There is a gender divide in how a female student seen to be struggling in a STEM class is perceived, according to a new study.
The Dartmouth College study, published in the Psychology of Women Quarterly, reveals that women would view external factors, such as ‘negative stereotypes and unconscious bias by a professor’ as potential causes of a lack of confidence in this situation, while men would say it’s most probably an internal reason, like a lack of preparation .
“As we look at the underrepresentation of women in STEM and the challenges that female undergraduate students face, it’s not simply enough to share experiences of bias and stereotypes, as each person interprets the world differently and may not necessarily perceive bias,” explains lead author Gili Freedman, a post-doctoral researcher at Dartmouth’s Tiltfactor lab. “The way students perceive each other affects classroom dynamics and may reinforce feelings of anxiety and bias. For example, if a male student perceives a female student as struggling in a STEM class due to factors such as a lack of preparation, he may be less inclined to want to work with her in a group project than if he thinks that she is struggling due to instructor bias.”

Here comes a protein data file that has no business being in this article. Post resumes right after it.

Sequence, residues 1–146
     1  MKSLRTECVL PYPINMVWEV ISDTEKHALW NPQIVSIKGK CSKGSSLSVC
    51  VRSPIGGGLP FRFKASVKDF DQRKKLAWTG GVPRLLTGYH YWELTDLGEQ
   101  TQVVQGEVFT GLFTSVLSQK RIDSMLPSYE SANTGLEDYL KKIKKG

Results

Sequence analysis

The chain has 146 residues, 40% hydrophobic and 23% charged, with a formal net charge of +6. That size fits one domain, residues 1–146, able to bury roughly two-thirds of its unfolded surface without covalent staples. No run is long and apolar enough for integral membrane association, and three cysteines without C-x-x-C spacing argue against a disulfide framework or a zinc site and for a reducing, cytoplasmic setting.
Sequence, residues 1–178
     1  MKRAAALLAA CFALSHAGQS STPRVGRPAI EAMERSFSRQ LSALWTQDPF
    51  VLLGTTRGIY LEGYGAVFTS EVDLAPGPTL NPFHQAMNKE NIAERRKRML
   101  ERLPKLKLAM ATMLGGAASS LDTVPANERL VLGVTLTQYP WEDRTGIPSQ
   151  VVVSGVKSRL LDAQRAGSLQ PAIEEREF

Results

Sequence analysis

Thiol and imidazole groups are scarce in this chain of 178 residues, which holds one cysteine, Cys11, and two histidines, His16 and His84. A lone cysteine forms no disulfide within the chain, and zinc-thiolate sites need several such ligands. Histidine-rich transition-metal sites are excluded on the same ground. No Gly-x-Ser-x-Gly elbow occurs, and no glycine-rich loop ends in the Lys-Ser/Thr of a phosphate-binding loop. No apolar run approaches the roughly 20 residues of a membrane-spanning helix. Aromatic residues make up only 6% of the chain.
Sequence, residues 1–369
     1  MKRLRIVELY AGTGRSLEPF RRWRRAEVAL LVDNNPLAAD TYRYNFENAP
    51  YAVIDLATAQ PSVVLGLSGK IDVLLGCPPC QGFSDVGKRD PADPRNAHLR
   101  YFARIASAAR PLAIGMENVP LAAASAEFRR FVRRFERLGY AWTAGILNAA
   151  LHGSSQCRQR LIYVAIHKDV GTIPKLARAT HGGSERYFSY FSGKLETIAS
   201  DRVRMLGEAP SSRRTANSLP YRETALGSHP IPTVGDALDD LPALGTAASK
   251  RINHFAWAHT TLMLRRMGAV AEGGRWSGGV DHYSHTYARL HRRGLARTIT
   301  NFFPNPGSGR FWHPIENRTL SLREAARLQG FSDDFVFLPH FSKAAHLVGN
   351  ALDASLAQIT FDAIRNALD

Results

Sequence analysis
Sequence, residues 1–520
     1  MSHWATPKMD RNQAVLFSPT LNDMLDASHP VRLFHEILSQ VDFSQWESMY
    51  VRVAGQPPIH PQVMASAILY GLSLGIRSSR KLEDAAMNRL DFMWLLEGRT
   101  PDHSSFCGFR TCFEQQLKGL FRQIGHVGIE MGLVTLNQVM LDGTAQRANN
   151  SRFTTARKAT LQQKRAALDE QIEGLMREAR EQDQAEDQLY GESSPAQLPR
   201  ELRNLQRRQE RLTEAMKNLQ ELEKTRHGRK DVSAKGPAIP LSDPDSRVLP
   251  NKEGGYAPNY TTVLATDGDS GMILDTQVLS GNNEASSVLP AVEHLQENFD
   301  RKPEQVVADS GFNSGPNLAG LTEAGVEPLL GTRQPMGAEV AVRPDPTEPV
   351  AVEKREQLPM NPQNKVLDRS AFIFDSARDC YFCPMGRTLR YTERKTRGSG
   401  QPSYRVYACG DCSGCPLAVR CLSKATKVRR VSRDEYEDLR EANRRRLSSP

Innovators Magazine is hosting a Twitter Chat with Knowledge4Innovation on 22 March at 1pm CET, to discuss gender equality in STEM. Join us on Thursday and share your opinions on this topic.
Take part in our jointly hosted #TwitterChat w/@k4innovation on how/why we need to achieve gender equality in #STEM via #WomenInSTEM 22 March 1pm CET
w/panelists incl: @k4innovation @MaleticIvana @AngelikaMlinar @Kgmanuel @alevcanoglu @CAMTechMGH @NickDiamondMPH @dmorrisonedu pic.twitter.com/FtZtHmcSLD
— Innovators Magazine (@innovatorsmag) March 16, 2018